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Handloading Ammo In Troubled Times

by Mom-At-Arms Contributor: JJ Wittenborn

2020. Quite a year.

For quite some time, we’ve heard people wistfully wishing for “the good old days” when it comes to firearms and ammunition. Despite the warnings of “These ARE the good ol’ days” many refused to heed, and were caught off guard with their dwindling ammo supplies, or simply shot more than their reserves could maintain. For most of us who are not sponsored professional shooters, or no longer members of specialized military and law enforcement units: ammo is scarce. It is becoming increasingly difficult to find quality practice, duty, defensive, and competition ammunition. What can be done in the interim?

One thing most long-term shooters have is brass. Specifically, fired cartridge casings of past range, training sessions, &/or competitions that have piled up in boxes, bags, and kits that are sadly just taking up space. “Brass” is becoming scarce and sought after, so the option exists: trade what you have for cash / barter, or load your own. Scrap brass prices at recycling centers are a pittance. Why not get busy building your own ammo while components are still (barely) available?

Like Mel Gibson’s character in the movie The Patriot ((1) The Patriot (2000) - Making bullets with your dead son's toys - YouTube ...

where he’s hand casting lead ammunition in a swamp, desperate times call for desperate measures. Pick up your range brass out of politeness or necessity, and get started.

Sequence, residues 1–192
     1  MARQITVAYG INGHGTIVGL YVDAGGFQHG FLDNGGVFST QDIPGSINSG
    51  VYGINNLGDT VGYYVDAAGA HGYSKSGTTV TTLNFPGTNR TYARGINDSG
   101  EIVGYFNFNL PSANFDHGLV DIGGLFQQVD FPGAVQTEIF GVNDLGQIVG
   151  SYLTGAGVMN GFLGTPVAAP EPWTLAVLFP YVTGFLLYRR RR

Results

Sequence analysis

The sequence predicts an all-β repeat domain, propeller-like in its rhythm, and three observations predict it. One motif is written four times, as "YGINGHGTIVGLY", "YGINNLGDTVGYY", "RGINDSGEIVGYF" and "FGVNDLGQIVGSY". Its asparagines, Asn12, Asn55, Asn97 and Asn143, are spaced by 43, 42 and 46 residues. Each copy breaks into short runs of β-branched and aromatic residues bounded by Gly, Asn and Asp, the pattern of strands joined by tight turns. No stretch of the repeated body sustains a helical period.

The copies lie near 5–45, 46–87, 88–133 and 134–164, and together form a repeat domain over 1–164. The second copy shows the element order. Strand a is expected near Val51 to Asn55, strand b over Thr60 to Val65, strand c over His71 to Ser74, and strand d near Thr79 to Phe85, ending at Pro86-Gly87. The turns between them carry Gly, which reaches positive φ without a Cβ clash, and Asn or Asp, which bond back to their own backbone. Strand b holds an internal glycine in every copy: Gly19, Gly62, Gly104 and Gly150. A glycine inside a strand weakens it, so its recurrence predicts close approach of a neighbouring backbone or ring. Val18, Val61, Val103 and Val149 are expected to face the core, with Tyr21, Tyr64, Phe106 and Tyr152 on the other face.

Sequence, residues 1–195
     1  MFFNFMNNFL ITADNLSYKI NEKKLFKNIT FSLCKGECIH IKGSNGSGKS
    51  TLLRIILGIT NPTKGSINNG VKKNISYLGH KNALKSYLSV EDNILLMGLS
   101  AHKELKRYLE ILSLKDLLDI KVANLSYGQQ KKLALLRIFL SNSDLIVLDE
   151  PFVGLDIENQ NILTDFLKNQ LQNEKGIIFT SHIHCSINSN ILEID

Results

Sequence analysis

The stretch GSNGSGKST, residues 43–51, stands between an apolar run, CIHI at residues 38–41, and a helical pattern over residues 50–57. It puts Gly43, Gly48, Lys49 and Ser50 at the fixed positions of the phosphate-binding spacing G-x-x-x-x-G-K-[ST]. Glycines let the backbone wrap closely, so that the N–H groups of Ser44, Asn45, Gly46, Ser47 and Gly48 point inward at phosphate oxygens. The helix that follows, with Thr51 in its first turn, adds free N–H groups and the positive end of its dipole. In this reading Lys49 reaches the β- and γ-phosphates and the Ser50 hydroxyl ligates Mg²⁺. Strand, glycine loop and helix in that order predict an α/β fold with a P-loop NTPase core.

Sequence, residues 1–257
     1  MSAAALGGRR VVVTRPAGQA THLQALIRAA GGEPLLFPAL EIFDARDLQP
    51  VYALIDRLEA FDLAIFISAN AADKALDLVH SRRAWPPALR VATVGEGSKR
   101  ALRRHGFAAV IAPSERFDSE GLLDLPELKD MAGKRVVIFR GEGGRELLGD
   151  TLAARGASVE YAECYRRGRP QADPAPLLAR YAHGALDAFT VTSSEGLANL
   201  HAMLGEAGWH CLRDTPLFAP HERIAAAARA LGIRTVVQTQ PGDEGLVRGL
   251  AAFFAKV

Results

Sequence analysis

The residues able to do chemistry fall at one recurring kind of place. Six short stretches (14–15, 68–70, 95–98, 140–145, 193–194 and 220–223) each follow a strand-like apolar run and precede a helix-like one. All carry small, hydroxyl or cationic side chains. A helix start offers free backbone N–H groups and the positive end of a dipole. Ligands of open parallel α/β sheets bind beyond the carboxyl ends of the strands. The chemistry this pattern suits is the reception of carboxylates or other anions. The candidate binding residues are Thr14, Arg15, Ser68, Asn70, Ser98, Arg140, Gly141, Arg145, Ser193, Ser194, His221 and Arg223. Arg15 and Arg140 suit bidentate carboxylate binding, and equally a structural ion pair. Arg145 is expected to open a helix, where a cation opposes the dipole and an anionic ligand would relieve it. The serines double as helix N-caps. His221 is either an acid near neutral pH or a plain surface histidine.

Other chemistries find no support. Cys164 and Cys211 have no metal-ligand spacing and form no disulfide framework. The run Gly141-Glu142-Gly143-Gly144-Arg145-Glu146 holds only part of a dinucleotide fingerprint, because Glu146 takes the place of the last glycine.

Pistol shooters are often high volume consumers of ammunition. Range sessions and competitions can stretch into dozens, or even hundreds of rounds. Training classes can consume thousands. The challenging Rogers Shooting School Intermediate/ Advanced Pistol Course I attended a few years ago budgeted 2,500 rounds over five days. Unless one sets that back well in advance, it would be all too easy to get cut short. Most rifle classes don’t involve that volume of fire, but a week’s worth of intensive riflery can eat up half that. Those aren’t small numbers when we consider ammo prices have doubled or tripled in the past few months, and many entire calibers are virtually “unobtanium” even at large wholesalers. While I would not recommend diving solo into the hobby and current life skill that is modern handloading, ignoring the reality that exists in today’s climate is delusional.

Remember saying to yourself you’ll deal with it “some rainy day?” Well, look outside, buddy, it’s pouring!

If you shoot enough to have collections of brass in the garage, odds are you know a home reloader. You know…that introverted geezer at the end of the range, invariably tinkering over the years with different handloads, obsessing at times over tiny, mundane intricacies of the process. Gain